In the case of the Hawley Beach shack, the stackable glass doors and windows are positioned so they can be opened to encourage natural air flow to cool the space. And although the newly built home is yet to experience a full summer, its performance through the current winter has been nothing short of outstanding, according to architect Jaron Coward.
“We were there recently to take some photos, and the ambient temperature inside at about 6pm was beautifully warm,” he says.
Coward says the client was on-board with the concept of passive solar design right from the outset.
They live about an hour and a half away and built the house as a weekender. So they didn’t want to arrive on a Friday evening, walk into a cold house and have to crank up the heating,” he says.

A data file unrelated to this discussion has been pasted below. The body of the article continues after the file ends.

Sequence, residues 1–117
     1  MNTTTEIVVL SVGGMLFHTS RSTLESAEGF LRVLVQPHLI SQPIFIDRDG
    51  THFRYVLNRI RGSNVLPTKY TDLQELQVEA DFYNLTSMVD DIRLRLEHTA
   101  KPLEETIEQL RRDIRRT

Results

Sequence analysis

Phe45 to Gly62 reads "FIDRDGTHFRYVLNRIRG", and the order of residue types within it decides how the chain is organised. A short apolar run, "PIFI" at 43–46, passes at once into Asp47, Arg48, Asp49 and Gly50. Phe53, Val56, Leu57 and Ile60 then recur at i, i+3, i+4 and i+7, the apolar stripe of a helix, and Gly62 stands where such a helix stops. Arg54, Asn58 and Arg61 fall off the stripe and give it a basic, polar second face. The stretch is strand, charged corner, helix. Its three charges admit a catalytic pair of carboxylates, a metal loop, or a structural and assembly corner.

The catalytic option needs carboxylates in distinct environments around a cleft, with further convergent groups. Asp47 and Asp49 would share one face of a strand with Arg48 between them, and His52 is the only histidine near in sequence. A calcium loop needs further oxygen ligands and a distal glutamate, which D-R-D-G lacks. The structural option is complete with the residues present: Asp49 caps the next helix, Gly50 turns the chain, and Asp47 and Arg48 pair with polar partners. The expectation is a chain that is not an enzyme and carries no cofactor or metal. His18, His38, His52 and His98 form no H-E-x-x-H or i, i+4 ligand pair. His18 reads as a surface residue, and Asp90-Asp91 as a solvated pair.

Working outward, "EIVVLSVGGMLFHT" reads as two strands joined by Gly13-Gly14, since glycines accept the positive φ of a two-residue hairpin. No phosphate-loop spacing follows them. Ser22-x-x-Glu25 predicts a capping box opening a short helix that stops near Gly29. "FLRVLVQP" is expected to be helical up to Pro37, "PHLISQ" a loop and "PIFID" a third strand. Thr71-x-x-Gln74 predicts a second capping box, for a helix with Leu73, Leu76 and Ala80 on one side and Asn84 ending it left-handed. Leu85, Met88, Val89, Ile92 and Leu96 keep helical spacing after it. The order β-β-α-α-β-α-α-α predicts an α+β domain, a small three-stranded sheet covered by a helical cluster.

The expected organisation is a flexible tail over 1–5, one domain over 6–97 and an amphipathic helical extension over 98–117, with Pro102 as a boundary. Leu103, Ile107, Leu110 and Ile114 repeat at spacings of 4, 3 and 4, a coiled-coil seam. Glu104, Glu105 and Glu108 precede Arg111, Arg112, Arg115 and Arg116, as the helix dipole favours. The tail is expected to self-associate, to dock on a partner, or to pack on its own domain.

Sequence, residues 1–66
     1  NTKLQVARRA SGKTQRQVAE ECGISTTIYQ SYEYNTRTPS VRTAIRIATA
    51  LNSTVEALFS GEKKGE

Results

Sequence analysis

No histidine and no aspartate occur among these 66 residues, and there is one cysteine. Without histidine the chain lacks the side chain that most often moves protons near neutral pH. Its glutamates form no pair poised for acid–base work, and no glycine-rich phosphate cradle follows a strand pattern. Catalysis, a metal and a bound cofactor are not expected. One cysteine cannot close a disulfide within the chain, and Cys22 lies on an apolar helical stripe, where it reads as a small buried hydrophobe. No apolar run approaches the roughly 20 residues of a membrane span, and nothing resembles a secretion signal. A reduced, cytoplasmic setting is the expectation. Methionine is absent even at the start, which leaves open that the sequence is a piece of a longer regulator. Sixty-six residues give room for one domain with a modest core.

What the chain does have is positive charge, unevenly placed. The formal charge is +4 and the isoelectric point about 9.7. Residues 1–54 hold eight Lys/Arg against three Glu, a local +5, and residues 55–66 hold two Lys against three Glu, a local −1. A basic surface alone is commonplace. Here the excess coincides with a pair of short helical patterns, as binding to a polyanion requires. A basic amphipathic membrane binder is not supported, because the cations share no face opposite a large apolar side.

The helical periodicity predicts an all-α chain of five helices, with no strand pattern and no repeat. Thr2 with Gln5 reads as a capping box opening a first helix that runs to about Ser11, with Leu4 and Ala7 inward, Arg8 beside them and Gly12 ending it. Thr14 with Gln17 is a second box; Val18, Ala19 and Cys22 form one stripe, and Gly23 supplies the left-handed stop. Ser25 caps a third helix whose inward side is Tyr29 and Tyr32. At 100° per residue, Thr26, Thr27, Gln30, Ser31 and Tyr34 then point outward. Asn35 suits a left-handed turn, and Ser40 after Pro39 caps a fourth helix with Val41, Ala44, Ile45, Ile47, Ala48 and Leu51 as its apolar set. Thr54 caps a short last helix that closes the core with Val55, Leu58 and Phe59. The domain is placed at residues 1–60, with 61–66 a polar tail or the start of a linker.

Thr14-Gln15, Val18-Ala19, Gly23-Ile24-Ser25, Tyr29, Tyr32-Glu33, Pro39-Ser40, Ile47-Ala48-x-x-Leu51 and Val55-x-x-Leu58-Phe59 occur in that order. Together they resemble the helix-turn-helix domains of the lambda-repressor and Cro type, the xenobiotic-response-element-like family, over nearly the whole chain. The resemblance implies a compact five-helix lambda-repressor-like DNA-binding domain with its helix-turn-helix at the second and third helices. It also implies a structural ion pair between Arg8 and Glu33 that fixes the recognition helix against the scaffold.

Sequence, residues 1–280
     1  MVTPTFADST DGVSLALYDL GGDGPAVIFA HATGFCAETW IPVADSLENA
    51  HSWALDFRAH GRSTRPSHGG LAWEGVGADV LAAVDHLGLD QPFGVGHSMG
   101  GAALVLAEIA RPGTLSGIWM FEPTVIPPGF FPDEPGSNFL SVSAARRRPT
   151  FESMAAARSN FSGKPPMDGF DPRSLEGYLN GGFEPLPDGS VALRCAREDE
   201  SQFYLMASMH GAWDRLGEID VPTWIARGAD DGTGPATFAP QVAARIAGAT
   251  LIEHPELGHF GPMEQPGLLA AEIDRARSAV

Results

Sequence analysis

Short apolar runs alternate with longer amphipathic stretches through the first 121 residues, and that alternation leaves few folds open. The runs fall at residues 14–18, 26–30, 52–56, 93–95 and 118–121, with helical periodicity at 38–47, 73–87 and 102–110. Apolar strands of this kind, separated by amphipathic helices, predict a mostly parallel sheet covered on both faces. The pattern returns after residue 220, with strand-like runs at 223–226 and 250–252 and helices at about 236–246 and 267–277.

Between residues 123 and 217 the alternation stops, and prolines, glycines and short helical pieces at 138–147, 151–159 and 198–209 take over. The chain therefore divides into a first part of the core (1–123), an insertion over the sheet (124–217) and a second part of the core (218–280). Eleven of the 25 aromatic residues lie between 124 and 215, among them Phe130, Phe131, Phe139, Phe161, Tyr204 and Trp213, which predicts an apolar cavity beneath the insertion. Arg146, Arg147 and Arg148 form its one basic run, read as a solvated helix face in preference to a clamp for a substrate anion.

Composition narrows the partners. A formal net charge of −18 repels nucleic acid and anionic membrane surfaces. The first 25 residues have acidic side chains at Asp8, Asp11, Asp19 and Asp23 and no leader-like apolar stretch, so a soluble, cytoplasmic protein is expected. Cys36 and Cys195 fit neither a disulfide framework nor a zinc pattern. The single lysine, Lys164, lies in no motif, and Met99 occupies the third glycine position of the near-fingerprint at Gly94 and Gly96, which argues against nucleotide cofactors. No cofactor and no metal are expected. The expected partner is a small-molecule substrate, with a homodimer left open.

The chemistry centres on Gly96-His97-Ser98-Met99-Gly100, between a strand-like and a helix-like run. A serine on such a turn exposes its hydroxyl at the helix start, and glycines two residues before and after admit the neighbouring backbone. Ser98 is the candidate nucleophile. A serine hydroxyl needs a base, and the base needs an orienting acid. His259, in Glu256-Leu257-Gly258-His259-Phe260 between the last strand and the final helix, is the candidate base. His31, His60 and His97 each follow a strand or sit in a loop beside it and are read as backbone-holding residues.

The concrete slab is fairly typical for the site and engineering requirements – 100mm with thickened edges and R1.8 ClimaFoam Extruded Polystyrene (XPS) ground insulation. The top of the slab has been polished and exposed as a hard-wearing, low-maintenance flooring solution.
The external paths and driveways servicing the separate two-car garage are also insitu concrete with exposed aggregate finishes.
The non-glazed external wall sections on both the garage and main dwelling are clad in Pacific teak.
The archetypal Tassie shack, according to Coward, is made from fibro-cement, doesn’t let in much light, and is pretty much just a rectangle.
The Beach Shack at Hawley Beach preserves the underlying simplicity, but with a fresh and decidedly sustainable twist.